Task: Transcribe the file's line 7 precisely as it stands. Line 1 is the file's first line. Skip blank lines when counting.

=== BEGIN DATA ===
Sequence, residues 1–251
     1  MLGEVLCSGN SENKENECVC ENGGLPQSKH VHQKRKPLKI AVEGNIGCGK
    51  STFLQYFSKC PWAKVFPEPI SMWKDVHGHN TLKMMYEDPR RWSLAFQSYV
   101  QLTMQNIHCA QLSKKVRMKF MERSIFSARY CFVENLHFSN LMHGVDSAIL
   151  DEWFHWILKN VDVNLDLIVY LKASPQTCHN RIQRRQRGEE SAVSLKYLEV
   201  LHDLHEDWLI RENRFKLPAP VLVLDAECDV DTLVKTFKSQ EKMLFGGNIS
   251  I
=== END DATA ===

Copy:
   251  I